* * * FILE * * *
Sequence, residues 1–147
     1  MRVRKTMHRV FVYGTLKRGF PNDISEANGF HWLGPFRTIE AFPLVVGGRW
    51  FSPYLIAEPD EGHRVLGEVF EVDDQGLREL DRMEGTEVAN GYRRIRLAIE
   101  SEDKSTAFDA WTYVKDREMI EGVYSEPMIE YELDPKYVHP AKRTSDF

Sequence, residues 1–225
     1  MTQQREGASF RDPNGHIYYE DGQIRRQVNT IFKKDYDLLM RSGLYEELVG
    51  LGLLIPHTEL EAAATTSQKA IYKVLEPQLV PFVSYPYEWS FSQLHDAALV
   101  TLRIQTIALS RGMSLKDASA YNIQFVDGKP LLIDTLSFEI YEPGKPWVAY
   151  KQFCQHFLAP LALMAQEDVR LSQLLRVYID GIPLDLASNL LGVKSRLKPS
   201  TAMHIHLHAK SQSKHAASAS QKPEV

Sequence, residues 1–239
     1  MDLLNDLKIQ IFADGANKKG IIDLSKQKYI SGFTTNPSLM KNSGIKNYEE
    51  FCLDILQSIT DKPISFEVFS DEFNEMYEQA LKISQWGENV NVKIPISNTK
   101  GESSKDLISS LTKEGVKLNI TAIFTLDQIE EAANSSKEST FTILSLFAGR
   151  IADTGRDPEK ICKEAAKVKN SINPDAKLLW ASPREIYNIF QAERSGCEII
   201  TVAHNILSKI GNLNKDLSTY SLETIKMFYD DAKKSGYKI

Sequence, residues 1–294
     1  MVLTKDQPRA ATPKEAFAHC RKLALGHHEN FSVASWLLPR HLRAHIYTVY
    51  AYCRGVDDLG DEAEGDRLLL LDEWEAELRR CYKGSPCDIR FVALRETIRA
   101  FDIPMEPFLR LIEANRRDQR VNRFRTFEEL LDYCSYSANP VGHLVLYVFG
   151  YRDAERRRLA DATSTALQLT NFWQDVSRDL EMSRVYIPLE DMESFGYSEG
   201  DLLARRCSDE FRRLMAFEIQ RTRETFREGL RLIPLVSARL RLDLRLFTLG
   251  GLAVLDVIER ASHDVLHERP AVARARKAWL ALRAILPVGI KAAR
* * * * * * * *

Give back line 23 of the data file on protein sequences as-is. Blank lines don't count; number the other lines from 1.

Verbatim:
   251  GLAVLDVIER ASHDVLHERP AVARARKAWL ALRAILPVGI KAAR